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 Mediae Latinitatis Lexicon Minus Online

from Brill Online Dictionaries

Mediae Latinitatis Lexicon Minus Online

J.F. Niermeyer and C. van de Kieft. Revised by J.W.J. Burgers

J. F. Niermeyer’s Mediae Latinitatis Lexicon Minus is a highly practical lexicon, providing researchers, teaching staff and students in the field of Medieval History with concise, essential information. This new online edition, still the “compendious lexicon for rapid information” envisaged by Niermeyer, recreates the second print edition (2002) on Brill’s Dictionary Platform , providing French, English and German translations for every entry of a Medieval Latin concept and searches on lemma and full text: searches can be refined by century of use. All entries are contextualized with relevant text passages. The Niermeyer Lexicon Minus has proved to be invaluable to medievalists for almost 50 years and is an indispensable working tool for academic libraries.

The version of Niermeyer that forms the basis of Niermeyer Online is the 2nd revised edition (2002) with an estimated 10% new / updated material over the 1st (1976) edition. Features of the 2 nd edition include:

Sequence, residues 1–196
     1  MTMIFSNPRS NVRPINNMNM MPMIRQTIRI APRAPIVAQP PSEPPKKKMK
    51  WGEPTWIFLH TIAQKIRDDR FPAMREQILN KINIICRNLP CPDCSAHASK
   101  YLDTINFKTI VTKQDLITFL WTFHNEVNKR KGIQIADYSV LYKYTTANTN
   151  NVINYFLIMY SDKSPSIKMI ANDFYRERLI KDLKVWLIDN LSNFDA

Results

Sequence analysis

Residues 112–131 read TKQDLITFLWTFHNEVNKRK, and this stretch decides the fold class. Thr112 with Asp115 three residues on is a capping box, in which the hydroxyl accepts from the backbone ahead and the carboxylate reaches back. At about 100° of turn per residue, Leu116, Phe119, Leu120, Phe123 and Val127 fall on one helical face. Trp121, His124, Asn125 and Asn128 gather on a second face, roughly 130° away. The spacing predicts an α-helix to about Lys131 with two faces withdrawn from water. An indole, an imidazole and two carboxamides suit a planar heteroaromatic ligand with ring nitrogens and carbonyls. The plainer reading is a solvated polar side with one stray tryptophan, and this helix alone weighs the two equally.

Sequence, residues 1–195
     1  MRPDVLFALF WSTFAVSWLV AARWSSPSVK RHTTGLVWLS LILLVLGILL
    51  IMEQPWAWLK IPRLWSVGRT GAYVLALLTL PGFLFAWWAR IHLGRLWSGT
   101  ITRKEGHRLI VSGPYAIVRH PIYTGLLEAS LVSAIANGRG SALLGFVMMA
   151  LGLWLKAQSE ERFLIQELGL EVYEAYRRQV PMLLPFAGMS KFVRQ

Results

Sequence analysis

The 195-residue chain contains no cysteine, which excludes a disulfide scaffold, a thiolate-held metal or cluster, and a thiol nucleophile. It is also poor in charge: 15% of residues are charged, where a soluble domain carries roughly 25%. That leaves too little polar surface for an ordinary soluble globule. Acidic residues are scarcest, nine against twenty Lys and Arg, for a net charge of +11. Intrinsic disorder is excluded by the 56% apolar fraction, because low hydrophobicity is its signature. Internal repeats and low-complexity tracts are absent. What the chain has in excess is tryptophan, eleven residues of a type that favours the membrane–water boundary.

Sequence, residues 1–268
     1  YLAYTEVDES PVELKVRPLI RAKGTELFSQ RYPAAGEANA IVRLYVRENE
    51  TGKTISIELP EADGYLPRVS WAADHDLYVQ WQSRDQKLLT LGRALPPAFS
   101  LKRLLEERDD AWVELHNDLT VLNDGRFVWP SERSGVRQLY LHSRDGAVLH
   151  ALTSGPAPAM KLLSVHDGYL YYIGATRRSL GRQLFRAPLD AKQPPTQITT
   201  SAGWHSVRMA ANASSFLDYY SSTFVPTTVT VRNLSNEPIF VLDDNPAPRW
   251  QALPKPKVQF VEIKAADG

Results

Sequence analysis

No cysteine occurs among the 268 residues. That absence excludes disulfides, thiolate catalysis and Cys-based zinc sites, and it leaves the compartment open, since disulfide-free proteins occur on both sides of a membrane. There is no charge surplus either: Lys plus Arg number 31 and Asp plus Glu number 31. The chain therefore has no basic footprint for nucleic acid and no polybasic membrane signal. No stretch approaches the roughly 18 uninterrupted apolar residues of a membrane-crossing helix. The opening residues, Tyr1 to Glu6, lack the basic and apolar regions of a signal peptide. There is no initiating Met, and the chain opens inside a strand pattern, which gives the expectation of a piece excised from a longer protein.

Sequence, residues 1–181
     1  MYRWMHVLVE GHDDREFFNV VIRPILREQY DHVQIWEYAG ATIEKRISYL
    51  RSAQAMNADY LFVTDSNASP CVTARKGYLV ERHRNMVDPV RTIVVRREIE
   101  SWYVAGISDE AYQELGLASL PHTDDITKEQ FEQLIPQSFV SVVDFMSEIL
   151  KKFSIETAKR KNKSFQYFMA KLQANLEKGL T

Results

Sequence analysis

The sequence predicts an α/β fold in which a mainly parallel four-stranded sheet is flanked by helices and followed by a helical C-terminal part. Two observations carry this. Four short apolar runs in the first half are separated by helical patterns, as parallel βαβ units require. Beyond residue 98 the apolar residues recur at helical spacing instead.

1. A wider scope:
    1. geographical area (e.g. to include England)
    2. time span (into the 13th century)
    3. type of source material (e.g. university records)
  2. New entries
  3. Updated entries: new examples, additional meanings
  4. Obvious mistakes corrected
  5. German translation of the Latin keywords (along with French and English): widening targeted readership

General characteristics of Niermeyer’s Mediae Latinitatis Lexicon Minus:

  • The best concise dictionary of medieval Latin in existence
  • It explores the post-classical Latin language of the Western European Middle Ages from 550 to 1150, tracing the development and use of words.
  • Its practical use to scholars is that
    • It opens up that great body of technical words relating to law and institutions and to the social structures of feudalism encountered early and high medieval sources.
    • It stresses explanations and quotations rather than syntax or etymology;
    • It offers brief definitions in French, German and English
    • It reveals the diversity and change of meanings, produces instances of quotation and use in sources
  • It draws on a wide range of sources, including
    • Chronicles, annals, histories
    • Diplomas, monuments, charters and cartularies
    • letters
    • lives, exempla, miracle collections, passions and martyrologies
    • royal, ecclesiastical and university acta, statutes and visitations
    • collections of civil, customary and canon laws
    • the early medieval Fathers and theologians
  • what does it NOT cover:
    • classical Latin
    • the period after 1155
    • Eastern Europe (and Islamic and Byzantine Europe)
    • the language of scholasticism and technical theology

Pleses send any comments you may have to Chuck Jones.(cej14 at psu dot edu)